Large Cap

  • July 08, 2024

    Catching Up With Delaware's Chancery Court

    Prince's heirs were left standing alone in a cold world last week after Delaware's Court of Chancery found their attempts to gain control of the late musician's estate too demanding. Delaware's court of equity also waved a wand for Walt Disney and slashed nearly $10 million from a damages award for Sears stockholders. In case you missed anything, here's a recap of all the latest news from Delaware's Chancery Court.

  • July 08, 2024

    Feds Say Petersen Bid Won't Cover HUD-Backed Loans

    The federal government Monday filed an objection to Petersen Health Care's proposed facilities sale, saying the $136 million in bids received by the company is insufficient to cover the U.S. Department of Housing and Urban Development-backed mortgages on the properties.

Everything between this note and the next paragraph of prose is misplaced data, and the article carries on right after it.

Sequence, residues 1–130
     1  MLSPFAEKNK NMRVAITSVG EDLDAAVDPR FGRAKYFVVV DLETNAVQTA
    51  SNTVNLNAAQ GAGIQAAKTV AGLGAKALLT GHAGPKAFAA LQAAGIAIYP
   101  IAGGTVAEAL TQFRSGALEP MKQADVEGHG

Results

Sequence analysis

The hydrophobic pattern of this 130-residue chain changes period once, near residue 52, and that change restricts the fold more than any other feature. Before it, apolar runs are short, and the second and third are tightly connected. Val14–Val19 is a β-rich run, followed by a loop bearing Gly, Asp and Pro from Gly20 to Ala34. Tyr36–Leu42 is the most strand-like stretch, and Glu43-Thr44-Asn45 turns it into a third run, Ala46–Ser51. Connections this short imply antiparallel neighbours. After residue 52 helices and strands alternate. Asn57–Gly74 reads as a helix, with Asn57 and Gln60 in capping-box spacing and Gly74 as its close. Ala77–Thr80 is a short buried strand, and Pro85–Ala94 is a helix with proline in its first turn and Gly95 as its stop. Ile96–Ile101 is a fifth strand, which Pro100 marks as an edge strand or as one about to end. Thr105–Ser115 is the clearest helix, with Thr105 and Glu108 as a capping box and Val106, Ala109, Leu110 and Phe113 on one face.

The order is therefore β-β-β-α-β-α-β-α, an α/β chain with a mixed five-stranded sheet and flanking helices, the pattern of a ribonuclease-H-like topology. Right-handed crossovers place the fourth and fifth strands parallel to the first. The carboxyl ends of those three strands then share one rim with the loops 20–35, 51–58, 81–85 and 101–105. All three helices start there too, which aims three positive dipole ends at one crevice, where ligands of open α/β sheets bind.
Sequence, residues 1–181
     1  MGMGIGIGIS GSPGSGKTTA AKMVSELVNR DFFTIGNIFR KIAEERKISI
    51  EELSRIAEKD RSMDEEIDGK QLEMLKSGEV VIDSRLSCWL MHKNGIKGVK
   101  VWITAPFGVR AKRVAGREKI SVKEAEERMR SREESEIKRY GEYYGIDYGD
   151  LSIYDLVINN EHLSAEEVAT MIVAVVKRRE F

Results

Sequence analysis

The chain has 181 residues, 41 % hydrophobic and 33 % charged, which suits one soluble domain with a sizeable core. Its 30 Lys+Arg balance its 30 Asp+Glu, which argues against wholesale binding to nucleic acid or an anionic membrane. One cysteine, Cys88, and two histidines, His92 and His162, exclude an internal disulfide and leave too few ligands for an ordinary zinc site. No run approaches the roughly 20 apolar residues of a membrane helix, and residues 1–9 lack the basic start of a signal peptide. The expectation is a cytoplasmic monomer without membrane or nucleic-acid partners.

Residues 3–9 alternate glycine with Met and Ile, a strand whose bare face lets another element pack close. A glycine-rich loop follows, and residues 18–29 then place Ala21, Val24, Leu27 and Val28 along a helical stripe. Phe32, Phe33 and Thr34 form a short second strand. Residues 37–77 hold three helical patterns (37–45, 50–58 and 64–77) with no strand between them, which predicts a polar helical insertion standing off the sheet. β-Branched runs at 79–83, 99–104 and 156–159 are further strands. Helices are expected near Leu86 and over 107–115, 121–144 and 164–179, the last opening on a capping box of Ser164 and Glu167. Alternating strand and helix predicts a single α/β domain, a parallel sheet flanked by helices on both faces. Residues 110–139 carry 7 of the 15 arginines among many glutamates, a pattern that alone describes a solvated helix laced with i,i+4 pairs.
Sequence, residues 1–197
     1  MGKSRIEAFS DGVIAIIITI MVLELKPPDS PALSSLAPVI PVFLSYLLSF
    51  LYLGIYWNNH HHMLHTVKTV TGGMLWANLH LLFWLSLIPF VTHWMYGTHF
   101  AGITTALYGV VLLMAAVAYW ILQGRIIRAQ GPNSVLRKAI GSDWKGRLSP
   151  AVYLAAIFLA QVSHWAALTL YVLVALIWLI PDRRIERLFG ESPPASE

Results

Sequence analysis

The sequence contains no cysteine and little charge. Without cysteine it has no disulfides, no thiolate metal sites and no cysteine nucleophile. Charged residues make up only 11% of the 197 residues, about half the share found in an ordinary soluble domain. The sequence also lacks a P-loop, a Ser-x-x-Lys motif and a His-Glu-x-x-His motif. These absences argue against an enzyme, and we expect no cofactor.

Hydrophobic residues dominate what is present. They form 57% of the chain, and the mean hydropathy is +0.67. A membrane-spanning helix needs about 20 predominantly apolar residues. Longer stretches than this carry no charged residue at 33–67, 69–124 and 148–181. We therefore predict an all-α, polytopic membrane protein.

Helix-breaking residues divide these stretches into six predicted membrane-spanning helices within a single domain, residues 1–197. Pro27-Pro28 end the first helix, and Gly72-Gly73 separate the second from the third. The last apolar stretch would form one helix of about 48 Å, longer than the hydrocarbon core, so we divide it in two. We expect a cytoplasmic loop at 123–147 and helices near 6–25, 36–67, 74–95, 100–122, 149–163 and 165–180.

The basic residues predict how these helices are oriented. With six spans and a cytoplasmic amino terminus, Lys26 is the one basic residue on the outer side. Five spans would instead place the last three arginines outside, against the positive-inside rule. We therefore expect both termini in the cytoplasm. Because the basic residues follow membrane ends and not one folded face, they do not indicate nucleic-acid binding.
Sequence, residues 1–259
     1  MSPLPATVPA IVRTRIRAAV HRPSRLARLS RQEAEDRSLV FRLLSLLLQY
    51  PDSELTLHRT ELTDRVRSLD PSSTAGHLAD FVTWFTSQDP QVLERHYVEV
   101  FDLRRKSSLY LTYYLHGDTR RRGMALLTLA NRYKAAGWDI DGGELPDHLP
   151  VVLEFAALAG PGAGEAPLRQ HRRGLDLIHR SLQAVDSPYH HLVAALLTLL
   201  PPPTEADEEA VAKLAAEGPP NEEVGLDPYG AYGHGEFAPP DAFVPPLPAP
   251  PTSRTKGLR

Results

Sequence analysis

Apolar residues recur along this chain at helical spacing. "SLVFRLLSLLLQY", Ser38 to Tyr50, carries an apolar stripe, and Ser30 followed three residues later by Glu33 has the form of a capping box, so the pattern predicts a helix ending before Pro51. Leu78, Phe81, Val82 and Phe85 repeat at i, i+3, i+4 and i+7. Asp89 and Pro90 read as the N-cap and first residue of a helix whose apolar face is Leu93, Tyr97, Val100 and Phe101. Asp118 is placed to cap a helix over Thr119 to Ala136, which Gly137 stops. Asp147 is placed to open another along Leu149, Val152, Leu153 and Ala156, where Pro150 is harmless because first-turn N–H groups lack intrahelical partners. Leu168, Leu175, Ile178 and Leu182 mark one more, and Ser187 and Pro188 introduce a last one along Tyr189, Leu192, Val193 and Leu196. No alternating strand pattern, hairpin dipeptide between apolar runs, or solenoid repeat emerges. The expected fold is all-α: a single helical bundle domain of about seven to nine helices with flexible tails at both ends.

• July 05, 2024

    How Reshaped Circuit Courts Are Faring At The High Court

    Seminal rulings from the U.S. Supreme Court's latest term will reshape many facets of American society in the coming years. Already, however, the rulings offer glimpses of how the justices view specific circuit courts, which have themselves been reshaped by an abundance of new judges.

  • July 05, 2024

    Breaking Down The Vote: The High Court Term In Review

    The U.S. Supreme Court's lethargic pace of decision-making this term left the justices to issue a slew of highly anticipated and controversial rulings during the term's final week — rulings that put the court's ideological divisions on vivid display. Here, Law360 takes a data dive into the numbers behind this court term.